(RNS) Religion hasn’t played much of a role in the presidential campaign. Sure, Trump made a faux pas when he placed cash on the Communion plate. And Hillary Clinton has occasionally invoked a phrase popular among members of her Methodist faith to discuss how her religious beliefs undergird her career in government.
But mostly the major party’s two presidential aspirants have kept faith at a distance, as did the moderator of their debate on Sept. 26.
That changed during the first and only vice presidential debate Tuesday (Oct. 4). Moderator Elaine Quijano asked a pointed religion question of Democratic vice presidential nominee Sen. Tim Kaine of Virginia and his GOP opponent, Indiana Gov. Mike Pence.
“You have both been open about the role that faith has played in your lives,” Quijano said. “Can you discuss, in detail, a time when you’ve struggled to balance your personal faith and a public policy position?”
Fort those for whom faith is central in their lives — and for those who believe faith plays too big a part in political decision-making — Quijano’s questions and the candidates’ answers made for a highlight of the campaign.
And the Twitterverse noticed that faith had entered into the discussion, from Kaine’s mention of his Jesuit education to Pence’s talk about his opposition to abortion.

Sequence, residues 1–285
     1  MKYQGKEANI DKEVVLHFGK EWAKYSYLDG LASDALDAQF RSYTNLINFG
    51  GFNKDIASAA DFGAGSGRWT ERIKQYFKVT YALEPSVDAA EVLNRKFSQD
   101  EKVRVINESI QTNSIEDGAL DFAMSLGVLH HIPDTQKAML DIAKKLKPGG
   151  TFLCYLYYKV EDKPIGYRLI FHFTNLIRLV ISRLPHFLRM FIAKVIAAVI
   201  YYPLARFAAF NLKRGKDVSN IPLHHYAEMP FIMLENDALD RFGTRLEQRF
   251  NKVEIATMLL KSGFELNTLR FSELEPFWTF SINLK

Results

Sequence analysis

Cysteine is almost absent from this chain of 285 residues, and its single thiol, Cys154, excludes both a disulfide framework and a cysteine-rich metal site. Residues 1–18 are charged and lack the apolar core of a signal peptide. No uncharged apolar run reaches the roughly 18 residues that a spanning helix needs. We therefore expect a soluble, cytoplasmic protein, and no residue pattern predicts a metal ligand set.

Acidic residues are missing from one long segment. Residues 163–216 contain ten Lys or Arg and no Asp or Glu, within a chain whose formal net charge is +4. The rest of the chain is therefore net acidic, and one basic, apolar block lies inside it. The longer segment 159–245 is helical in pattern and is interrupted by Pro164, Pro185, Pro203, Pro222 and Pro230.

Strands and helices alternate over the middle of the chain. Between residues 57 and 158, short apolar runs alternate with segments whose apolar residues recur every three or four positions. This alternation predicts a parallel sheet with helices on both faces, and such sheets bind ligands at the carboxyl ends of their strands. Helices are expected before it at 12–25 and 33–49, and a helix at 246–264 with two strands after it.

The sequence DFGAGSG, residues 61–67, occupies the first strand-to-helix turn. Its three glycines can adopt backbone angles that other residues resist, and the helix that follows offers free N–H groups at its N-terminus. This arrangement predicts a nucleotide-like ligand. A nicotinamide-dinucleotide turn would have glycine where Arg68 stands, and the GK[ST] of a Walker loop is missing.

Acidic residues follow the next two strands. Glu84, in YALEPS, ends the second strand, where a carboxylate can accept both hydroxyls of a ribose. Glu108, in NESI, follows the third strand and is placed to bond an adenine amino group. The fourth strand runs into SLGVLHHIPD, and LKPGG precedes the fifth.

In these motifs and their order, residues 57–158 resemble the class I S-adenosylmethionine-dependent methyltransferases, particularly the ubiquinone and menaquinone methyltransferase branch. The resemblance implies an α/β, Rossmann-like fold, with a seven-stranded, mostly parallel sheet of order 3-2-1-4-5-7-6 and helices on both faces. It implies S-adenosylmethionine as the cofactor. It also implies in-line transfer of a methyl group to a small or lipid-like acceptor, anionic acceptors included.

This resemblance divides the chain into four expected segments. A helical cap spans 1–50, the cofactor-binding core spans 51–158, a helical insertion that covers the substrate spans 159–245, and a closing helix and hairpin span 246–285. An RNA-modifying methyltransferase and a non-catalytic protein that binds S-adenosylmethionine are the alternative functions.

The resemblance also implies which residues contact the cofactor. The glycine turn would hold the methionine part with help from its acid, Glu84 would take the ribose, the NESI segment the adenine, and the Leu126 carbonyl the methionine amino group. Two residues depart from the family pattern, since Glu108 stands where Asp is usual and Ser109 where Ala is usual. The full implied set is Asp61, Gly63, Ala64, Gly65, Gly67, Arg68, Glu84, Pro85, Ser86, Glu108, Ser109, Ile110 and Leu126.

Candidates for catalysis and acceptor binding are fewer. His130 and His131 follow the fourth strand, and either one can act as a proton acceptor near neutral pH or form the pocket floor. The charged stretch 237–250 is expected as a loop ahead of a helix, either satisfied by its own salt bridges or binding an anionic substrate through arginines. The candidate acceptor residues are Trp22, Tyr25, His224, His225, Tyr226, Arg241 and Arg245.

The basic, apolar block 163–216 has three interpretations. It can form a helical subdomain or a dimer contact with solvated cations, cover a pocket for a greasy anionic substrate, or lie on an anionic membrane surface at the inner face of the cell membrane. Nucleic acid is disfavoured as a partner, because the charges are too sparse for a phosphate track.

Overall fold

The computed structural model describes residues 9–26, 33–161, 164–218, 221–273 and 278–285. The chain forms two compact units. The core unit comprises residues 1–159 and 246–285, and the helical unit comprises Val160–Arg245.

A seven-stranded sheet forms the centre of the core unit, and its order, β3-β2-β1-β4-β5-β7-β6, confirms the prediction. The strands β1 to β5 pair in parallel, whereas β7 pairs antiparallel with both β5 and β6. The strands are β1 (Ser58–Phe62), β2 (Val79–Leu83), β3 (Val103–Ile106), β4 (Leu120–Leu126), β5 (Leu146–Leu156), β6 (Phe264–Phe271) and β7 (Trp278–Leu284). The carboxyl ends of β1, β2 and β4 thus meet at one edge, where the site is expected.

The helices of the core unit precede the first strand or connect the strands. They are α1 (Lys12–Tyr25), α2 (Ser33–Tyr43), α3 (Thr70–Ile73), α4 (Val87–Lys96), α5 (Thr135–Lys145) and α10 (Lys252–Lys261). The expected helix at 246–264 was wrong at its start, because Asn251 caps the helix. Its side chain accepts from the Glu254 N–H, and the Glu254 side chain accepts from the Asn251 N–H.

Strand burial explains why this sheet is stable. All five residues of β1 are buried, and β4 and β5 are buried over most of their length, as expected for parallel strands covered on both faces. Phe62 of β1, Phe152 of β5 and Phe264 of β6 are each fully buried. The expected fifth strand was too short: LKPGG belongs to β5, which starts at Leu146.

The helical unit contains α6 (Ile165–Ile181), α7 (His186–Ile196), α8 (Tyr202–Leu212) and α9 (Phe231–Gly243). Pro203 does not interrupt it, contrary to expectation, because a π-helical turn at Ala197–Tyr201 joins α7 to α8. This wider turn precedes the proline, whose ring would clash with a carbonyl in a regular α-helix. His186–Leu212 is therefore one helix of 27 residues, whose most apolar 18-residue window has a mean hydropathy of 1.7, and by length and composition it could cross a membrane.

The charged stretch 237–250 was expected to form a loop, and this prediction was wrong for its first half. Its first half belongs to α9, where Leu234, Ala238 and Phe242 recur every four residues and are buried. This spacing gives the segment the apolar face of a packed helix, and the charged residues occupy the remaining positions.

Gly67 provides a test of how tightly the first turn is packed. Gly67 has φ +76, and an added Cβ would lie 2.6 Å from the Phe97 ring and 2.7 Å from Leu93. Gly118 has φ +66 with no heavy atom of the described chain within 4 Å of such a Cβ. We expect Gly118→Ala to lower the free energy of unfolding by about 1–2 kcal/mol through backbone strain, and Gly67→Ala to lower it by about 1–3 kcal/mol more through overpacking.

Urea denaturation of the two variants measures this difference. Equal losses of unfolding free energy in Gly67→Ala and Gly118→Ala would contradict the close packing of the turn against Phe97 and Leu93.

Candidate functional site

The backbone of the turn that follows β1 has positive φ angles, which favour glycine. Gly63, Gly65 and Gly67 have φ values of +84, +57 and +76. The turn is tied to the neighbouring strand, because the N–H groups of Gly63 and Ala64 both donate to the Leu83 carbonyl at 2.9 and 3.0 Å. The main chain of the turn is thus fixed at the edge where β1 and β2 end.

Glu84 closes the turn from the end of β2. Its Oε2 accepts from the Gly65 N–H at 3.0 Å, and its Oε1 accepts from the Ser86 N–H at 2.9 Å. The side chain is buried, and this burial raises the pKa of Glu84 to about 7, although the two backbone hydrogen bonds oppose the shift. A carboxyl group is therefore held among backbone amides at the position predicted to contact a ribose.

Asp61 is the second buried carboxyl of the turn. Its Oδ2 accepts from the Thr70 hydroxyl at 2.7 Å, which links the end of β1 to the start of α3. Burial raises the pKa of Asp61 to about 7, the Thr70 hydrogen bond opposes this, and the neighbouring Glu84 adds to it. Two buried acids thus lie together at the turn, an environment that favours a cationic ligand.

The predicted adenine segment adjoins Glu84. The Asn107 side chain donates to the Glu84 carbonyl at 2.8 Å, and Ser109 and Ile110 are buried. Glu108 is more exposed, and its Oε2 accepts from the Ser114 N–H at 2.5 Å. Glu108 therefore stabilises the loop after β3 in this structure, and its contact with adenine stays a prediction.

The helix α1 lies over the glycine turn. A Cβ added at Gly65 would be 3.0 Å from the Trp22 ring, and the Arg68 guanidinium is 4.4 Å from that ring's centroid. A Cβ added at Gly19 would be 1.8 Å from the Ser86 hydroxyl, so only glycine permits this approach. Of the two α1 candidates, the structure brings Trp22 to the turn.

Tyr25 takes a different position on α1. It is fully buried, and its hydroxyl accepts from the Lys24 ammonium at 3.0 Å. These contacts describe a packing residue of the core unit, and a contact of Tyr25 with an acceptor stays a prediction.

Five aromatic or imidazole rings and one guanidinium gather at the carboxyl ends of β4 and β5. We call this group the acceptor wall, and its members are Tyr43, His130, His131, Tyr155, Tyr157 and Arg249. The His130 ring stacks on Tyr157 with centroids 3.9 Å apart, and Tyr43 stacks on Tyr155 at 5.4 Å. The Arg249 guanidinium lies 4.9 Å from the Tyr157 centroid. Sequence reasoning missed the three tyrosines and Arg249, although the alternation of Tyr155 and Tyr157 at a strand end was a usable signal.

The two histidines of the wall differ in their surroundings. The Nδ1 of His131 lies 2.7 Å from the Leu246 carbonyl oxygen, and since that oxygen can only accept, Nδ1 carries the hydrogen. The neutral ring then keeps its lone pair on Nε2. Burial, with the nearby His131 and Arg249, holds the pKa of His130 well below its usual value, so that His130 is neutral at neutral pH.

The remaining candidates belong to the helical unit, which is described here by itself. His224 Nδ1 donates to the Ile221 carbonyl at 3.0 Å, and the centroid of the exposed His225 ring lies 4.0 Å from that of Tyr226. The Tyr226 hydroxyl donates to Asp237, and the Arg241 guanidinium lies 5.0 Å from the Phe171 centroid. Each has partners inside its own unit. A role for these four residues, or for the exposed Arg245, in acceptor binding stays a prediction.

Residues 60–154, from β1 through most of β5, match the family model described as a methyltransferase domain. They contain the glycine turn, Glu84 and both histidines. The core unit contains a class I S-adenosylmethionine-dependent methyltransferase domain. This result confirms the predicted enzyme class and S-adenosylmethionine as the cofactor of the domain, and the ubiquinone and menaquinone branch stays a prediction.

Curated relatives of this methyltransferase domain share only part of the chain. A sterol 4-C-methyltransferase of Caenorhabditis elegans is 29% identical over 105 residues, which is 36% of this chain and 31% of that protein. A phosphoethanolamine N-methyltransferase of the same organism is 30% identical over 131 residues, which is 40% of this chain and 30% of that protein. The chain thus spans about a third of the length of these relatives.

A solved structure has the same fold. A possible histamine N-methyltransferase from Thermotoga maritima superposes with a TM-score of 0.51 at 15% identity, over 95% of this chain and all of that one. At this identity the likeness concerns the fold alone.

— Merriam-Webster (@MerriamWebster) October 5, 2016
Kaine looks uncomfortable as Pence attacks Hillary’s extreme abortion position, which Kaine has flip-flopped to embrace. #VPDebate
— Guy Benson (@guypbenson) October 5, 2016
But the discourse on religion could be a fleeting one this election season.
“My suspicion is that this is it,” the Brooking Institute’s Bill Galston said of the vice presidential candidates’ discussion of faith. “I do not expect a theological discussion between Hillary Clinton and Donald Trump.”
But it could have been different, he continued, had the Republican who came in second to Trump in the GOP primaries won the nomination. Ted Cruz, the Texas senator who kicked off his campaign at Liberty University, a stronghold of conservative Christianity, eagerly talked about his own Christian beliefs on the campaign trail.
Instead, Galston said: “The Republican party decided to nominate someone whose religiosity is not central to his public persona.”
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